This month The Washington Post staff said a melancholy farewell to its beloved longtime owner and publisher, Donald Graham. Graham sold The Post to billionaire Amazon.com founder Jeff Bezos in what many saw as a selfless and courageous act to save the newspaper, and all of us, from the agony of a slow, undignified decline and death. Bezos has pledged his resources to a long game of innovation and recovery.
When newspapers say goodbye to high-profile staffers, they sometimes prepare a mock-up of Page One, with stories about the departed. These things are not always entirely reverent. When I left the Miami Herald to join The Post in 1990, the Herald made a page for me, emphasizing my penchant for risky, provocative “stunt” journalism. I still keep this page on the wall of my home office. The main headline reads: WEINGARTEN SHOCKS WASHINGTON — editor’s grand entrance to nation’s capital marred by Nazi gaffe. The doctored photo shows me entering a stupefied Post newsroom dressed as Hitler and sieg heiling.
That sort of parting shot was an easy call, in my case; I’m a sleazeball. But what’s the right way to irreverently send off Don Graham, whom everyone adores? I have no idea. I can tell you only what I wrote.
We all know about Don Graham’s famously self-effacing personality — his ritual washings of Post reporters’ feet; the time he donated a lobe of his liver to save the life of a copy editor’s terminally ill schnauzer; his insistence that his take-home pay never be higher than that of the guy at the Springfield plant who re-stocks the vending machine, etc.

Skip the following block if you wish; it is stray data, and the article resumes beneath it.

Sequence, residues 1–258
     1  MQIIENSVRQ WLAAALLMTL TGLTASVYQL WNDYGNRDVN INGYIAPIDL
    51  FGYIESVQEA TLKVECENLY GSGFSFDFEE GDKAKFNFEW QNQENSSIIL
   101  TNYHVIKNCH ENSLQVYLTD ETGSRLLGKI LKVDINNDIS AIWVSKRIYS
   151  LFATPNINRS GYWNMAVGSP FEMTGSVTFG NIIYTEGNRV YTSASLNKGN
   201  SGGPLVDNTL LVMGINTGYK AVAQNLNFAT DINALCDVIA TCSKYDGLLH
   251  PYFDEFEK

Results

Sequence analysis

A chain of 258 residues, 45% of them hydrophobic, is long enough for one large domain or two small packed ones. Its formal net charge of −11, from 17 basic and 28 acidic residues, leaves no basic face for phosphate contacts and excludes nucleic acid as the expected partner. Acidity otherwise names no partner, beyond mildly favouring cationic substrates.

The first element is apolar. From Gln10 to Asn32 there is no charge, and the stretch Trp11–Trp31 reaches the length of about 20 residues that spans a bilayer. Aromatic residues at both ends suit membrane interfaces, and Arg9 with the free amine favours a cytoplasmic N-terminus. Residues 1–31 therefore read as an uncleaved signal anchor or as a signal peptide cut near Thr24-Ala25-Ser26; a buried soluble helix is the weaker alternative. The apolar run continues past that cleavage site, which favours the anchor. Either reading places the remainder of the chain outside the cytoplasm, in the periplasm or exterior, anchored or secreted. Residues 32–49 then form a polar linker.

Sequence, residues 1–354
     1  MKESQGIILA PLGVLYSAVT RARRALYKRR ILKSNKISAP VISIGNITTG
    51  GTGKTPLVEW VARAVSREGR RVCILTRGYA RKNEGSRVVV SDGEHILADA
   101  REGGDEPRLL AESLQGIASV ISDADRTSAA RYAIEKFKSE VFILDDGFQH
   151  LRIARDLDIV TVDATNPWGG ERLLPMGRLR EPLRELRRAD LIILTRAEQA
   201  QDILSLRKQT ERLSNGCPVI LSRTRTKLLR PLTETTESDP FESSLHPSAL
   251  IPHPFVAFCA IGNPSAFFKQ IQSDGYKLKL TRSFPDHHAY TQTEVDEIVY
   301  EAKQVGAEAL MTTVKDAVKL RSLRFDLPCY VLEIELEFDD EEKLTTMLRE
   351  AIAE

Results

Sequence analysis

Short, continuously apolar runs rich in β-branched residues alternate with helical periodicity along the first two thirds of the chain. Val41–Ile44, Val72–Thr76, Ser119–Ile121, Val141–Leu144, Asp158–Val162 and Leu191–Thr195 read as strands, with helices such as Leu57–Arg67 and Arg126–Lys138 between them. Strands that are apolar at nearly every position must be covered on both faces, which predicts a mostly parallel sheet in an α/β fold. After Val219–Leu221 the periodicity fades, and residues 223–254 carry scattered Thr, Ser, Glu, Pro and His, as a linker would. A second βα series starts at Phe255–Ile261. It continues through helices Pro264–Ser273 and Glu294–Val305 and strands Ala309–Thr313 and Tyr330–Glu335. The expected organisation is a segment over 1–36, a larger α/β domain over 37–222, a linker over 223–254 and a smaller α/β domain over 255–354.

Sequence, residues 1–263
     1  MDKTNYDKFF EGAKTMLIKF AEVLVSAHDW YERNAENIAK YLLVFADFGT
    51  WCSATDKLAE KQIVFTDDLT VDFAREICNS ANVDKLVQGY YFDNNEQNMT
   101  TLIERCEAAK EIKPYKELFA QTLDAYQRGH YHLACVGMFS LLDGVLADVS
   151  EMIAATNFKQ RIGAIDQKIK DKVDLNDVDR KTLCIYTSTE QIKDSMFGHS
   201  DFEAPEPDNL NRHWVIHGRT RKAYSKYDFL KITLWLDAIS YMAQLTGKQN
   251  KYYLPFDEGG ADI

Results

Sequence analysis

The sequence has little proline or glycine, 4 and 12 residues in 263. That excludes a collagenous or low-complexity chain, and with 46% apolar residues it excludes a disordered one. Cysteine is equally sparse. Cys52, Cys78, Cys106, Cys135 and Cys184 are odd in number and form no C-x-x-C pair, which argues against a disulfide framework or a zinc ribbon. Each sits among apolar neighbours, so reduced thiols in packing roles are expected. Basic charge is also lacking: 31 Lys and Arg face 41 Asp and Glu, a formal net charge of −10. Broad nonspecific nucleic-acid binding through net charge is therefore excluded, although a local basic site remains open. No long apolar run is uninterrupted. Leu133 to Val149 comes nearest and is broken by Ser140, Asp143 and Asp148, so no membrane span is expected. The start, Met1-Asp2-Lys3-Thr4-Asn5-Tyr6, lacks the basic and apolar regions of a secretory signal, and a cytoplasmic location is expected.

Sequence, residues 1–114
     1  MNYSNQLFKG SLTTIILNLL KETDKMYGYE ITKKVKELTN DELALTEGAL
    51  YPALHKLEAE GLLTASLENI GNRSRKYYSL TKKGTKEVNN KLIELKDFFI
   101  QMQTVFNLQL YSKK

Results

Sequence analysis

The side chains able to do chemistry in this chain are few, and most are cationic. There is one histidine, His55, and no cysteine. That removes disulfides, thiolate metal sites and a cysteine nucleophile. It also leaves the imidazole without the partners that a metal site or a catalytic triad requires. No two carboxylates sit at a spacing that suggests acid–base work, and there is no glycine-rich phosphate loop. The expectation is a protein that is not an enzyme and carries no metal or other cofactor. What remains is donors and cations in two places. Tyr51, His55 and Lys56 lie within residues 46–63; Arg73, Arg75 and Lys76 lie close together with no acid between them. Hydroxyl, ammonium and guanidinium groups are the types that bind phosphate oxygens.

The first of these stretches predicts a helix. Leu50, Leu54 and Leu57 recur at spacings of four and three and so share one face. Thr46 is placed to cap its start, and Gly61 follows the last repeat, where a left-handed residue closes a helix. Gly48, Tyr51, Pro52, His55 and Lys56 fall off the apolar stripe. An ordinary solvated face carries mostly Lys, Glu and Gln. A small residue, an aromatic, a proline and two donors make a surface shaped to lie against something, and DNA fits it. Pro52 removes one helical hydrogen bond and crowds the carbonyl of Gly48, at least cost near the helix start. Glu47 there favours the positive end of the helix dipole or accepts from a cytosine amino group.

Similarly, everyone knows about Don’s charmingly homely and unpretentious sweaters (though few are aware that, in an act of monastic self-abasement, he knits them from his own nose hairs). And of course we’ve all admired the unusual way he atones for hubris every time his newspaper wins a Pulitzer: by eating a live cockroach.
So I think all of us need to forgive Don for what sometimes happens in private, after hours. We need to understand the intense stress that the burden of maintaining an extraordinary public humility brings to a man born into the upper crust of Washington society, expected to behave like an avaricious, conscienceless plutocrat.
So let us not judge Don for his infamous nighttime solitary orgies, writhing naked on piles of his family’s cash, cackling, “Mine, all mine!” Or that he sometimes buys yachts and then throws them away after using them once. Or that every year, on his birthday, he hires the New England Patriots to play the Green Bay Packers in his back yard.
None of that makes any difference to us. To us, Don will always be the quiet guy on the edge of the crowd at every newsroom Pulitzer ceremony, smiling shyly, taking no credit, content to bask in the light of reflected glory, because he knows, in his heart, that anytime he wanted, with a single phone call and a signature on a check, he could have any one of us mur
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